The Creativity Debate

Talent or Practice – What Matters More?

A variety of perspectives on the origins of greatness.

Response to Zach Hambrick

David Shenk

David Shenk ( is the author of six books, including The Genius in All of Us (“deeply interesting and important” - NYTimes), The Forgetting (“remarkable” - LATimes), Data Smog (“indispensable” - NYTimes), and The Immortal Game (“superb” - WSJournal). He has contributed to National Geographic, Slate, The New York Times, The Wall Street Journal, Gourmet, Harper’s, Spy, The New Yorker, NPR, and PBS. Shenk lives in Brooklyn.

Thanks for the opportunity to join this discussion. In order to point the way to the fullest possible answer of "How do people become great at what they do?" I suggest that we first need to pull back and ask a few even more basic questions, such as:

- Where do abilities come from?
- What is intelligence?
- What is innate?
- What does "heritable" mean?

I'm obviously not going to tackle all of these giant topics right now. But I do argue that a stark recalibration is in order. When I began to look closely at the latest scientific literature for my book, I was shocked by how poorly scientists have kept the rest of us informed on these essentials. Sadly, as a result, we're stuck in an early 20th century misunderstanding about where our traits and abilities come from.

We were taught in 5th grade science class that genes are blueprints for traits. That the brown-eyed gene gives us brown eyes. That genes for tallness make us tall. That genes contain actual instructions on what our traits will turn out to be. We know that environment plays a part, but the essential message of genetics has been that there's a certain amount of biological destiny built in.
That's actually not how genes work. Genes do not have finished information on what traits will look like, and they are not like robot actors who always say the same lines in the exact same way. It turns out that genes actually interact with their surroundings and can say different things depending on whom they are talking to.

To quote geneticists Eva Jablonka and Marion Lamb: “The popular conception of the gene as a simple causal agent is not valid. The gene cannot be seen as an autonomous unit—as a particular stretch of DNA which always produces the same effect. Whether or not a length of DNA produces anything, what it produces, and where and when it produces it may depend on other DNA sequences and on the environment.” Genes powerfully influence the formation of all traits, from eye color to intelligence, but rarely dictate precisely what those traits will be. (That's why, these days, you often here the awkward word "probabalistic" being bandied about in connection with genetics). From the moment of conception, genes constantly respond to, and interact with, a wide range of internal and external stimuli—nutrition, hormones, sensory input, physical and intellectual activity, and other genes—to produce a unique, custom-tailored human machine for each person’s unique circumstance. Genes matter, and genetic differences will result in trait differences, but in the final analysis, each of us is a dynamic system, a creature of development.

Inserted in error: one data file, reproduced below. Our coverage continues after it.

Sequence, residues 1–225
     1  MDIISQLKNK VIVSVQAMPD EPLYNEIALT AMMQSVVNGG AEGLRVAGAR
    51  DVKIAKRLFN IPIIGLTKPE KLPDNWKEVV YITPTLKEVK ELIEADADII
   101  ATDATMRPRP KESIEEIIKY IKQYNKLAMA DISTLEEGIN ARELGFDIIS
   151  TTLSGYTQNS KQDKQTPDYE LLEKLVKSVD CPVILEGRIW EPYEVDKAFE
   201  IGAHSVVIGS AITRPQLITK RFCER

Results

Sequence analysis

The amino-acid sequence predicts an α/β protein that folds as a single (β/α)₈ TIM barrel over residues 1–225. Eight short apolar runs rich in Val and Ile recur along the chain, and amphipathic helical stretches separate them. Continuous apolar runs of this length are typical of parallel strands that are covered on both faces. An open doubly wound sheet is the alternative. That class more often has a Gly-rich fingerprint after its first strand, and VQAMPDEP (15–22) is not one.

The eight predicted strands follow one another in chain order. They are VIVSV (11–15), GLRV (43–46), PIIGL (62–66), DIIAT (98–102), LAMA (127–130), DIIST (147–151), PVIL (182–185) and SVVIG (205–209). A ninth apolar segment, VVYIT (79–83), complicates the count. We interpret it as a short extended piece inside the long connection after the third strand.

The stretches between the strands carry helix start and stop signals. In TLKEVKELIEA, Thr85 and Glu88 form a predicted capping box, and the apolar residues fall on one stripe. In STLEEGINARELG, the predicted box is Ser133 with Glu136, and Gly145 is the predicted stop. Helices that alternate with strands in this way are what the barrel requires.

All traits develop. The very concept of "innate" turns out to be flawed.

But what about "heritability?" We read all the time about studies of twins that have proven that X% of our intelligence comes from genes and Y% of our personality comes from genes. To be blunt, this is hogwash. The word "heritable" as used in Hambrick's short entry above, and currently used by a large number of academic psychologists, does not mean anything close to what lay readers are often led to believe. It refers only to statistically relevant differences in specific populations -- and cannot, as it is devised, have any meaning as to an individual's personal development or potential. To be even blunter: no scientist should be using the words "heritable" or "heritability" outside of a very strict academic journal environment. To introduce it into popular discussion is incredibly misleading.

This is my only serious quarrel with Hambrick's piece above: his reference to general abilities being substantially heritable and stable across a lifespan. That is a statistical derivation that, in my reading of the science of abilities, truly has nothing to do with your life or the lives of your children. The implication, as it is used above, is that you, dear reader, inherited powerful genetic limitations on your potential abilities and, further, that your abilities are stuck at a certain level throughout your life. I understand that Hambrick and others could produce dazzling studies to demonstrate that point. But it still isn't true. (My book rebuts this material at great length).

What's true is this: abilities are developed and abilities can change. Greatness -- or mediocrity -- is not something baked into your genetic makeup. It is something external that happens to people over the course of their lives.

Am I saying that you completely control your own destiny? That, at any age, you can become anything if you work enough at it? No, I am not. Development involves many influences well beyond our individual control. There is very early life, with its millions of tiny cultural, emotional, physical, and nutritional inputs. There are biological limitations. There are economic limitations. There are, as Gladwell points out, resources of pure luck and circumstance.

But there's also something very beautiful in the science I see -- including Ericsson's wonderful work. It is this: with the exception of people born with severe defects, most every human being has, at the moment of conception, an extraordinary potential. We are biologically designed to adapt to our circumstances. People become great at what they do when they have some sort of very deep and constant need to be great.

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